Road rage incident has China abuzz
A SHOCKING road rage case in China, in which a male driver hauled a female driver out of her car and kicked her in the head repeatedly, has sparked a heated debate over social trends such as gender discrimination.
The man was pilloried for the vicious attack after video footage of the May 3 incident in south-western Chengdu city - caught on a nearby car's in-vehicle camera - went viral that night.
But by the next day, the woman - who was hospitalised with broken ribs and a severe concussion - became the target of criticism after another video clip emerged.
Believed to have been captured by the male driver's in-vehicle camera, the second clip showed that she had cut abruptly into his lane and raced with him.
Some netizens said that, as she had caused the incident, she deserved the beating for endangering not only the man's life but also those of his wife and one-year-old daughter.
A poll by Phoenix News website on Wednesday found that, of the 513,000 netizens who responded, some 65 per cent blamed the female driver while 27 per cent said both were at fault. Less than 7 per cent felt the man was to blame.
Some netizens even posted the personal details of the woman, identified as Lu Qin, 28, online. Besides her name, age, birthplace and previous driving offences, records of her going to hotel rooms with others were reportedly also exposed.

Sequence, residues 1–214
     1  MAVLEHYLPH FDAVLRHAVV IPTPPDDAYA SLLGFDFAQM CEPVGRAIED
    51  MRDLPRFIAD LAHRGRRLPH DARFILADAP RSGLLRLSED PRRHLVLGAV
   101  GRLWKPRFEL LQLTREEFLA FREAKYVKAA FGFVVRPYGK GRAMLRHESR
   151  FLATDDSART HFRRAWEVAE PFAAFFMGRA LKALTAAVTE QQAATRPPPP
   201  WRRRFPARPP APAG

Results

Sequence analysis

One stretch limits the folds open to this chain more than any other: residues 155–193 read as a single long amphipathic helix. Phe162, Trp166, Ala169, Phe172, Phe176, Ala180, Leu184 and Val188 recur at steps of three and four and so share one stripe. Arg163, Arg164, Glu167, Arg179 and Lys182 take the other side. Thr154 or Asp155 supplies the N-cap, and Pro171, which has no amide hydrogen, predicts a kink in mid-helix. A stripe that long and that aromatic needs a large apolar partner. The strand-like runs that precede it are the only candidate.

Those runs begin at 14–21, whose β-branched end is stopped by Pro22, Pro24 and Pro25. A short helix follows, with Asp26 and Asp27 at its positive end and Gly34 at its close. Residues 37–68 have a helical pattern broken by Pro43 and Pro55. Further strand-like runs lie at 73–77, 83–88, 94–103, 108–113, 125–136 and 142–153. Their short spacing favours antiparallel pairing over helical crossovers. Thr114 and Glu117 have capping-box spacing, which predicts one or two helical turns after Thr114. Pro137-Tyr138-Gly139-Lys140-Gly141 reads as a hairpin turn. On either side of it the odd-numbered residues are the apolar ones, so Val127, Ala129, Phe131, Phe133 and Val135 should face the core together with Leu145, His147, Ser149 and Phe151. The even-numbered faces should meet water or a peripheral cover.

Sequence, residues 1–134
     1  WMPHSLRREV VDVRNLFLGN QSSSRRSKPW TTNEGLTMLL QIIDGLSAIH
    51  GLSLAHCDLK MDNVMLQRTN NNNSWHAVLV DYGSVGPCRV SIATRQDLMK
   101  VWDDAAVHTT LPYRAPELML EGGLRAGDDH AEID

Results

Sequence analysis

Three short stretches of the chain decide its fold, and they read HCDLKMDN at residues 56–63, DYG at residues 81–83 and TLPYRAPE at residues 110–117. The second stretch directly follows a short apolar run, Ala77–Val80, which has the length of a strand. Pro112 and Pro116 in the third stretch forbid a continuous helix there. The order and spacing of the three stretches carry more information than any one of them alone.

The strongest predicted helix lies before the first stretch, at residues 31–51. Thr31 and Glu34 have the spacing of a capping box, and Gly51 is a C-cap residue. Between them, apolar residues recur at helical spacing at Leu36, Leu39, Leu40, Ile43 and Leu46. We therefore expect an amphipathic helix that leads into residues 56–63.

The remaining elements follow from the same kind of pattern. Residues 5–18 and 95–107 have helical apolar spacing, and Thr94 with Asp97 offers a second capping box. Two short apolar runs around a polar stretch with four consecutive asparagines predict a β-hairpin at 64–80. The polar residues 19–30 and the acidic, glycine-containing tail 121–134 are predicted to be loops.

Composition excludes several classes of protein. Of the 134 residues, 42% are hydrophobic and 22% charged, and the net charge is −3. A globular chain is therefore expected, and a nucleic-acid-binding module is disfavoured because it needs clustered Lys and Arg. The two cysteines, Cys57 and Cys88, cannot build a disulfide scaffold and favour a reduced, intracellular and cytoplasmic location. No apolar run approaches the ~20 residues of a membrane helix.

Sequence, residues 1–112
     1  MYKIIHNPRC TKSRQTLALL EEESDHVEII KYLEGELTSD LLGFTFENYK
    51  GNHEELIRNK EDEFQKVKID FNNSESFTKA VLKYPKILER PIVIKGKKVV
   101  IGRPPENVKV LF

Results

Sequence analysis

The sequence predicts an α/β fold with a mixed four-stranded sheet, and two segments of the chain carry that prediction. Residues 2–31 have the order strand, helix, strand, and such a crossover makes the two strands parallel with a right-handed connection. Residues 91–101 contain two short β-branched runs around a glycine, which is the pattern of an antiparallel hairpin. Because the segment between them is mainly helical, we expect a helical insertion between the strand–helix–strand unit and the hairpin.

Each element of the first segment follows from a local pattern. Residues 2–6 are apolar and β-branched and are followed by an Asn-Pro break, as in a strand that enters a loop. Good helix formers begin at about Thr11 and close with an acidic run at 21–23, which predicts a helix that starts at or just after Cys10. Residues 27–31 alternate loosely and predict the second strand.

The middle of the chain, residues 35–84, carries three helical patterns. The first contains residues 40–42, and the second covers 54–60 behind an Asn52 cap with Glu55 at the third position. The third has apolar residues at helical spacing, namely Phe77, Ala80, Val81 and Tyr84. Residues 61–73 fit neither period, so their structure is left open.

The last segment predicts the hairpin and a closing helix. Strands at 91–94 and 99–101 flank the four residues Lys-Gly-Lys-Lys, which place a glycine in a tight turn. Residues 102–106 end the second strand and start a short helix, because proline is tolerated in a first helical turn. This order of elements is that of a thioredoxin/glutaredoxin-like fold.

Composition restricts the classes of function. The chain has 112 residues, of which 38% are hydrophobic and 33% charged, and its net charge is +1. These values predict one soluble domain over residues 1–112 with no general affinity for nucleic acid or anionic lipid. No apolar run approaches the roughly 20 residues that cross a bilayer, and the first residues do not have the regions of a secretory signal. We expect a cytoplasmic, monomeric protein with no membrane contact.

The episode indirectly revealed some prejudice against female drivers. A straw poll of about 110 people conducted by a blogger found that 66 per cent felt female drivers should be avoided.
But some slammed the male driver, identified later as Zhang Xi, saying violence could not be justified even if the woman was at fault. Others called him a bully picking on a defenceless woman.
Media reports said Mr Zhang, who has been detained and could be charged with causing grievous harm, had tried to attack the woman with a screwdriver. A taxi driver was hurt trying to stop him.
Observers say the case exposes several worrying trends in Chinese society, one of which is disorderly driving habits that neglect other people's safety.
Beijing-based lawyer Mo Shaoping said he was appalled by the invasion of Ms Lu's privacy by "irrational" netizens who should have left the matter to the law.
Sociologist Tang Jun of the Chinese Academy of Social Sciences said the saga also exposes the lack of a strong consensus in China that violence should not be condoned under any circumstances.
"We should do more to educate our people that the person who assaults another is solely to blame, and whoever strikes first will have to bear the most blame."